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dc.contributor.authorDawson, Tom
dc.contributor.authorHambly, Joanna
dc.contributor.authorKelley, Alice
dc.contributor.authorLees, William
dc.contributor.authorMiller, Sarah
dc.identifier.citationDawson , T , Hambly , J , Kelley , A , Lees , W & Miller , S 2020 , ' Coastal heritage, global climate change, public engagement, and citizen science ' , Proceedings of the National Academy of Sciences of the United States of America , vol. 117 , no. 15 , pp. 8280-8286 .
dc.identifier.otherPURE: 266497978
dc.identifier.otherPURE UUID: d44656ac-5939-446a-8fa5-8f9ae345e1de
dc.identifier.otherORCID: /0000-0002-9229-7942/work/72360330
dc.identifier.otherWOS: 000526871700015
dc.identifier.otherScopus: 85083234787
dc.identifier.otherPubMed: 32284415
dc.identifier.otherORCID: /0000-0001-6428-387X/work/128096925
dc.description.abstractClimate change is threatening an uncalculated number of archaeological sites globally, totalling perhaps hundreds of thousands of culturally and paleoenvironmentally significant resources. As with all archaeological sites, they provide evidence of humanity’s past and help us understand our place in the present world. Coastal sites, clustered at the water’s edge, are already experiencing some of the most dramatic damage due to anthropogenic climate change; and the situation is predicted to worsen in the future. In the face of catastrophic loss, organizations around the world are developing new ways of working with this threatened coastal resource. This paper uses three examples, from Scotland, Florida and Maine, to highlight how new partnerships and citizen science approaches are building communities of practice to better manage threatened coastal heritage. It compares methods on either side of the Atlantic and highlights challenges and solutions. The approaches are applicable to the increasing number of heritage sites everywhere at risk from climate change; the study of coastal sites thus helps society prepare for climate change impacts to heritage worldwide.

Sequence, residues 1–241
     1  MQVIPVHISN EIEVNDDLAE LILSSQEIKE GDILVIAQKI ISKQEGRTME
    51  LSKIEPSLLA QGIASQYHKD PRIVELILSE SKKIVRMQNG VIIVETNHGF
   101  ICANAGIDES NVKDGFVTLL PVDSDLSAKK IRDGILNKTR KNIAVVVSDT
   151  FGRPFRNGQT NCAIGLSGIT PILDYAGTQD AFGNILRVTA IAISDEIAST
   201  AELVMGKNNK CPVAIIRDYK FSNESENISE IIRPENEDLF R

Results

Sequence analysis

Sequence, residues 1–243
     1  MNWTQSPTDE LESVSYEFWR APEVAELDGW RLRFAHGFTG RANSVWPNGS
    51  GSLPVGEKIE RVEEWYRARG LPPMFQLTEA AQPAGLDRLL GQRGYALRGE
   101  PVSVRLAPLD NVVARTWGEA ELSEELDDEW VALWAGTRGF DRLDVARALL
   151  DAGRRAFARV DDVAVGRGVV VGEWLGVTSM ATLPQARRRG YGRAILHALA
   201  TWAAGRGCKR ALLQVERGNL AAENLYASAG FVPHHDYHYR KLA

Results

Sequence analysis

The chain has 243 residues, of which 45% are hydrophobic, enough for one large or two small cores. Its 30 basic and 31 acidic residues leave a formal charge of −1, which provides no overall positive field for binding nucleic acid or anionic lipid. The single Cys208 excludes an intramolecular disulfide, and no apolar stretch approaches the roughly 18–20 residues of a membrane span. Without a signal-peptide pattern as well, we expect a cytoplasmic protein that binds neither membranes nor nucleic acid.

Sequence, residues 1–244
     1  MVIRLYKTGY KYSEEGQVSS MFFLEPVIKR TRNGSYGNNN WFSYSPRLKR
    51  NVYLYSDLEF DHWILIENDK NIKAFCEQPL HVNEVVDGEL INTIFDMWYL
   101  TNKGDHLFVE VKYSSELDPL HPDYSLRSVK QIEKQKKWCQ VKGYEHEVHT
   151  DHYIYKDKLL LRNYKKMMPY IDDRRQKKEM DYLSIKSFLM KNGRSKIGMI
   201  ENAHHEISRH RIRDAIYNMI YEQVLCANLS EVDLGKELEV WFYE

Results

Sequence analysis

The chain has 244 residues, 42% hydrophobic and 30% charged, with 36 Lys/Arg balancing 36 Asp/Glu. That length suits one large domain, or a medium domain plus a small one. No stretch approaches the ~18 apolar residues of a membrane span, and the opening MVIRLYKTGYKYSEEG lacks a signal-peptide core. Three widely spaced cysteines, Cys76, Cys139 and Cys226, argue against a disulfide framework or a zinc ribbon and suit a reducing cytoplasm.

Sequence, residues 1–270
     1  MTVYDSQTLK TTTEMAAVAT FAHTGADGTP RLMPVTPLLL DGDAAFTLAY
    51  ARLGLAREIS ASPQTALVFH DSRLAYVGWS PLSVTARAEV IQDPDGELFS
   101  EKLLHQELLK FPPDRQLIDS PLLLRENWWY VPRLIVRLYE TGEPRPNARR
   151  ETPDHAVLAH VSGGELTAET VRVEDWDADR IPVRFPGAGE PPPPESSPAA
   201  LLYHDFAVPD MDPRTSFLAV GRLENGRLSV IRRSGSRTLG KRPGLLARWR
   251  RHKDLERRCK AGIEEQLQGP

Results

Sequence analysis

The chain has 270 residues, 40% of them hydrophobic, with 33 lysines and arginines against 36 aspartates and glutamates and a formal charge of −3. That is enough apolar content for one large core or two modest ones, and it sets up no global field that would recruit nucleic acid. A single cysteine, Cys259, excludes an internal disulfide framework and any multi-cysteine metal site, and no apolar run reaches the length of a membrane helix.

dc.relation.ispartofProceedings of the National Academy of Sciences of the United States of Americaen
dc.rightsCopyright © 2020 the Author(s). This work has been made available online in accordance with publisher policies or with permission. Permission for further reuse of this content should be sought from the publisher or the rights holder. This is the author created accepted manuscript following peer review and may differ slightly from the final published version. The final published version of this work is available at
dc.subjectCoastal heritageen
dc.subjectClimate changeen
dc.subjectHeritage managementen
dc.subjectCitizen scienceen
dc.subjectCC Archaeologyen
dc.subjectGE Environmental Sciencesen
dc.titleCoastal heritage, global climate change, public engagement, and citizen scienceen
dc.typeJournal articleen
dc.contributor.institutionUniversity of St Andrews. Scottish Oceans Instituteen
dc.contributor.institutionUniversity of St Andrews. School of Historyen
dc.description.statusPeer revieweden

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